Yet love and Truth go hand-in-hand. Without Truth, that which is claimed to be love is a counterfeit—much like what happens when a person mistakes infatuation for love. Love for another must include a desire for that which is good in the life of the other. More specifically, to love someone is to work to bring about that which is good in the life of another. Yet the only way to measure “the good” is to have a standard that originates from a source beyond society’s opinion by which we can examine the choices put forward. Thankfully, we do have a true measuring stick to measure the good in the form of God’s revelation given to us through the Bible and through natural Law.

Christians should know what love is and what it looks like. We shouldn’t be deceived into accepting the cultural definition of love that is grounded in feelings rather than Truth. In fact, we can learn a lot about love simply by looking at the assumptions at play in the conversation when Jesus answered a Pharisee’s question in Matthew 22:36, “What is the greatest commandment in the Law?”  Jesus’ answer is found in verse 37-40:

Matthew 22:37-40 (NIV)
37  Jesus replied: “‘Love the Lord your God with all your heart and with all your soul and with all your mind.’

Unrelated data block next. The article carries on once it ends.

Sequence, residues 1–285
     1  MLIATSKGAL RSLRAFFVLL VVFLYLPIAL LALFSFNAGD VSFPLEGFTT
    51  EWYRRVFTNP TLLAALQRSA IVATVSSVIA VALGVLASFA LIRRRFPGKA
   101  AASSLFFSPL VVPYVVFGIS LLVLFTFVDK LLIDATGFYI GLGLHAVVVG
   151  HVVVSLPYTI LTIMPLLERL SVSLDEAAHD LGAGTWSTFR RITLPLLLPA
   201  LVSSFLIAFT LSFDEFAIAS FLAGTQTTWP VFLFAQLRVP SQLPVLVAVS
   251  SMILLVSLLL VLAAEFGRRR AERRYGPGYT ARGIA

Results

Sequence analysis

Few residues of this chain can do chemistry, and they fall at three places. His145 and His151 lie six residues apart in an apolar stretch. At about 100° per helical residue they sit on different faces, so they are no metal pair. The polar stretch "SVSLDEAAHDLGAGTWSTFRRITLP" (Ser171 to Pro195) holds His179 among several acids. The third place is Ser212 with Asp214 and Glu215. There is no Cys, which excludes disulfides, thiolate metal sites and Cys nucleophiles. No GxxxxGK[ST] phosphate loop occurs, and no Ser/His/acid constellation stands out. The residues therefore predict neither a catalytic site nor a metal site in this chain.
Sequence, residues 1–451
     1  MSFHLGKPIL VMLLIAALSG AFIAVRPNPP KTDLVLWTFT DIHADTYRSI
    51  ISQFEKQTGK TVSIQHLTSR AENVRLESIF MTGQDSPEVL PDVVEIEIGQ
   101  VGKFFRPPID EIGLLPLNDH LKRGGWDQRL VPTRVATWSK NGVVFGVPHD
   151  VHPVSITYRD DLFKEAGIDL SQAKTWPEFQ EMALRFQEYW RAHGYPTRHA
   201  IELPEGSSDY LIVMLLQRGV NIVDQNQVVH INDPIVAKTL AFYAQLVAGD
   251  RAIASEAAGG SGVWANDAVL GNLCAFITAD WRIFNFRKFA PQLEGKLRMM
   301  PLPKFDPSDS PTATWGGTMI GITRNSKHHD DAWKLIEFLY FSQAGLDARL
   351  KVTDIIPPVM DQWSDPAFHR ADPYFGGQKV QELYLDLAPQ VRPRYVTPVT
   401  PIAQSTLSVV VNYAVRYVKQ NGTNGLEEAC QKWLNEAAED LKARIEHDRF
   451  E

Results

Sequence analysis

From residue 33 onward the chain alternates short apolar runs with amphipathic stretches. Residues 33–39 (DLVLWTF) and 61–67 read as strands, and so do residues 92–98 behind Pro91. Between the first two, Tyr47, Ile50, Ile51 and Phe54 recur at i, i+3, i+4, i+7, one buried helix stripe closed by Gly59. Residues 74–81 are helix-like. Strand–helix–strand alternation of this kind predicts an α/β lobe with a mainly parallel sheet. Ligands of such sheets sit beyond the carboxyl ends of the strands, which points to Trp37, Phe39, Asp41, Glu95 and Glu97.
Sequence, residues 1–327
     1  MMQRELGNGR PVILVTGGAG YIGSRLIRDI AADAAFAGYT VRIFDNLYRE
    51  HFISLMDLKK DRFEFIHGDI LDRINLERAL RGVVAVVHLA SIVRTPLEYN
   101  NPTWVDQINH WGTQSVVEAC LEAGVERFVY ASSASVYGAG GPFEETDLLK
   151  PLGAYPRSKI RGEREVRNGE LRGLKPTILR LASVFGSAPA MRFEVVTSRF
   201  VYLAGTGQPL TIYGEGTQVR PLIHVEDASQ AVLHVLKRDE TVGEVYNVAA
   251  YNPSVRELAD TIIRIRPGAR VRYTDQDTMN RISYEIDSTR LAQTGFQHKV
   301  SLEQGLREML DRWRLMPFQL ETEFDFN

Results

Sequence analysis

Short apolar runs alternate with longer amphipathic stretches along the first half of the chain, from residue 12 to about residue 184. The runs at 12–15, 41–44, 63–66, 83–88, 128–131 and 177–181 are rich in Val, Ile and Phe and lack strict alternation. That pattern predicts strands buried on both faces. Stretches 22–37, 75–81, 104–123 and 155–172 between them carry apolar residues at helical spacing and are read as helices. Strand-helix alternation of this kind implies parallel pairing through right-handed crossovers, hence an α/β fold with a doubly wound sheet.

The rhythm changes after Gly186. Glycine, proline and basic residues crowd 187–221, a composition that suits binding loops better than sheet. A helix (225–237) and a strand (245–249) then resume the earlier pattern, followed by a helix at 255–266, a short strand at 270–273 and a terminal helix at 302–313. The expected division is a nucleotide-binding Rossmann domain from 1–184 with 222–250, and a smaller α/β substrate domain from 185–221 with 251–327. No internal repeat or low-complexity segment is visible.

38  This is the first and greatest commandment.
39  And the second is like it: ‘Love your neighbor as yourself.’
40  All the Law and the Prophets hang on these two commandments.”

Jesus said that to love God and to love others as yourself are the greatest commandments, the highest responsibility of man. It’s at this point that the Popular Secularist might agree to say, “Yes, LOVE is the greatest value! See, even Jesus said so. You Christians should be more loving of people. You should affirm them and not criticize their lifestyle choices and beliefs just because they are different than yours.” Sadly, we are seeing more and more Christians affirming immoral lifestyle choices in the name of being more inclusive, affirming, and loving—even in the spirit of the Love of Christ Himself!